The first friction only surfaces after the Global Express lands as planned on the island of Tobago. Ryma Taouk wants to spend the night in the Hilton, but the hotel is located on the neighboring island of Trinidad: Taouk apparently is unaware that Trinidad and Tobago are separated by water. Furthermore, she doesn't have an entry visa for the country. "Strange. Poorly organized," Lückert thinks to himself. But wealthy clients are not infrequently a bit helpless in the real world, so the pilot arranges for Taouk to stay in the Coco Reef Hotel, which sends a Rolls-Royce to pick her up.
The next day, the jet with the registration number 9H-FED departs Tobago at 9:55 p.m. local time, but the reason for Taouk's stop there remains unclear. During the 90 minute flight to Venezuela, she comes up to the cockpit and makes a call on the sat-phone, speaking in Arabic. The mood is good and the landing is smooth.
Taouk heads for the hotel while Lückert has the jet refueled, noticing with surprise the number of people in uniform standing around. After 20,000 liters of kerosene have been pumped into the Bombardier's tanks, Lückert steers the jet into its parking spot for the night. Ground personnel ask him to turn the plane 180 degrees, an unusual request.
Only much later would the pilot understand the reason for the demand. The maneuver means that the plane's cargo door is now no longer illuminated by airport lights nor can it be seen by surveillance cameras.
An airport worker hands Lückert a mobile phone and the voice on the other end tells him in broken English that he should just leave the plane open during the night and head to a hotel with his crew. A chauffeur, the voice says, is waiting.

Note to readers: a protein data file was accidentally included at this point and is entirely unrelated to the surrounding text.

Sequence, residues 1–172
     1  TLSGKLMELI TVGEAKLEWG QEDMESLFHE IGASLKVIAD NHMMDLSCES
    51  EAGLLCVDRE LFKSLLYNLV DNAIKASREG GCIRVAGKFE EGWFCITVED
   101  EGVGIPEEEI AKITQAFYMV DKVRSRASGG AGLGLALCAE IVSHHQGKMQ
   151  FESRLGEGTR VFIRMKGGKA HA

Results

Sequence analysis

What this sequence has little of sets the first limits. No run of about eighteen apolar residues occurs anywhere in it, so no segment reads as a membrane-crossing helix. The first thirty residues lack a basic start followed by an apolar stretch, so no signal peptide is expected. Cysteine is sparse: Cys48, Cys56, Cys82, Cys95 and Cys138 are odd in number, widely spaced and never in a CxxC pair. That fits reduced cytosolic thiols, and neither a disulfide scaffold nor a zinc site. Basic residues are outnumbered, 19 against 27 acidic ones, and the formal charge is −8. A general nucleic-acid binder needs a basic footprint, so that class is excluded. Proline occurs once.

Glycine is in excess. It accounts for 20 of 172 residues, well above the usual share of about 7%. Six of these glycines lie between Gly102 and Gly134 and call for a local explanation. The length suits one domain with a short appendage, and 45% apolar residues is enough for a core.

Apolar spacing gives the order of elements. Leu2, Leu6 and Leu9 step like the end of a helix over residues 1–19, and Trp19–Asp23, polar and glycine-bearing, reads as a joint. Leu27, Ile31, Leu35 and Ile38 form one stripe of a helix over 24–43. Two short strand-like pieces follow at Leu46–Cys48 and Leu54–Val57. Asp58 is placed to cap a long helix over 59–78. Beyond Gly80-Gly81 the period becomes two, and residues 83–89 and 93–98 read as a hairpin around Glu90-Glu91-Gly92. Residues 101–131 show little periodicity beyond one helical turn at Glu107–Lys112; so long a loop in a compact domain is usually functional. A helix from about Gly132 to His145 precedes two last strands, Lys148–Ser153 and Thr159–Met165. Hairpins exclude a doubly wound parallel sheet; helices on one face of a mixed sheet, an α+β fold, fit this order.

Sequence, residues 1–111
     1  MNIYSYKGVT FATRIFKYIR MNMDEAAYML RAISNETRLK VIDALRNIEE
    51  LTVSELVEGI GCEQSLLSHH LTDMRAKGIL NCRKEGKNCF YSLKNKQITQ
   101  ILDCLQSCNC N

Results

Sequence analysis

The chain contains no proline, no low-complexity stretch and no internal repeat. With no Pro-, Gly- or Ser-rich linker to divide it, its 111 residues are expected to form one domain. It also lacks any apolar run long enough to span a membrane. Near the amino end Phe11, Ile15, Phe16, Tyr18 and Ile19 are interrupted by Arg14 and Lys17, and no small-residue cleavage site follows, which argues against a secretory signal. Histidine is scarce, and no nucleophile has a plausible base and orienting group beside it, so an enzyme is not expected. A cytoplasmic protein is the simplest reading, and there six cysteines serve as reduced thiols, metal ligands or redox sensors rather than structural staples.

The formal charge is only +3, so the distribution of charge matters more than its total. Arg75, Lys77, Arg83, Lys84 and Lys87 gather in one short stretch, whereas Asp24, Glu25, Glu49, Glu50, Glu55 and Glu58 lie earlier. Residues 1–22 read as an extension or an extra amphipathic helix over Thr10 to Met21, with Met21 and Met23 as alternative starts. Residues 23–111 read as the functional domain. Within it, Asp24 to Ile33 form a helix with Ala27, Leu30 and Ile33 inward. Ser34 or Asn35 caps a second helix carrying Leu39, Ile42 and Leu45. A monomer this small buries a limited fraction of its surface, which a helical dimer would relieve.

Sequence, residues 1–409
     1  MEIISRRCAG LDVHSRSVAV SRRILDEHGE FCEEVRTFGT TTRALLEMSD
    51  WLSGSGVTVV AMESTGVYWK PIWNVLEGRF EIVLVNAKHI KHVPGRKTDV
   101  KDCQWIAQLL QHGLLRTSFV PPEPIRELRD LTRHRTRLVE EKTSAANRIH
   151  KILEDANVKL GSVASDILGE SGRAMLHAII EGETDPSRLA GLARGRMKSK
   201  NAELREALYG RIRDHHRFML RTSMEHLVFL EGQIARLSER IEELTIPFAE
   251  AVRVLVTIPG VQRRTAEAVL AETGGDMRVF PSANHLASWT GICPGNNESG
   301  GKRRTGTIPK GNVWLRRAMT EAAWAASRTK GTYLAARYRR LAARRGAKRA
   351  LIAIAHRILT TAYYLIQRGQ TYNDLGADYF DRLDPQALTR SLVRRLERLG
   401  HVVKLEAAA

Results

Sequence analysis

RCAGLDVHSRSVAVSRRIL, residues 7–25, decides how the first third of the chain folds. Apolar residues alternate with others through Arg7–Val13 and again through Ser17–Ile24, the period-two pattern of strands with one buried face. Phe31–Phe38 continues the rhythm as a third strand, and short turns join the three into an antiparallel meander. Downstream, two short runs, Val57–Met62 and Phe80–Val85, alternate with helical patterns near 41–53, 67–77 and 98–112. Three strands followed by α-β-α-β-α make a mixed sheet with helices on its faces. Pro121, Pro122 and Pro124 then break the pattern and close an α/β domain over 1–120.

But Lückert declines. Leaving an airplane unlocked, after all, is a violation of security protocols and the crew doesn't want to sleep in a hotel. After all, their itinerary calls for a 6 a.m. departure for Africa the next morning and pulling down beds in the plane takes little time at all. Bedding down on board gives the crew a few extra minutes of sleep. Not long later, Ryma Taouk calls and tries to convince the crew to sleep in a hotel. "We were all slightly annoyed by that degree of thoughtfulness," Lückert recalls.
'We Were Completely Helpless'
The crew climbs into their beds for the night. But they don't sleep for long. At around 2 a.m., there is a knock at the door and, once again, there is a man standing there with a mobile phone. Luggage is to show up shortly, explains the voice on the other end. "No! No!" Lückert yells into the phone.
Everything goes quickly after that. Two, dark-colored off-road vehicles appear and armed men open the plane's cargo door. "Stop!" Lückert yells, only then noticing the figure in green camouflage with a pistol strapped to his leg coming into the passenger cabin from the cargo bay. "It wasn't the kind of person you could talk to," Lückert remembers.
The plane was quickly filled with white sacks made of woven plastic, each printed with a red cross. "It was like an avalanche. We were completely helpless," Lückert says.
It takes about 20 minutes for the luxury liner to be filled with the sacks; there are 47 of them, lying in the aisle, on the seats and in the cargo bay. Six to eight armed men are standing in front of the jet. It becomes clear to the crew that they can't expect anyone to come to their assistance -- that everyone is in on the operation. "The entire airport must have been involved," Lückert says. "Calling the local police was not an option."
"We hoped that someone would show up with a camera and say, 'Welcome to Candid Camera,'" Lückert remembers. For a moment Lückert considers trying to throw the bags out of the aircraft on the runway shortly before take-off. But he reconsiders, assuming they would be caught.
- Part 1: A Charter Pilot's Run-In with Venezuelan Drug Lords
- Part 2: Trans-Atlantic Escape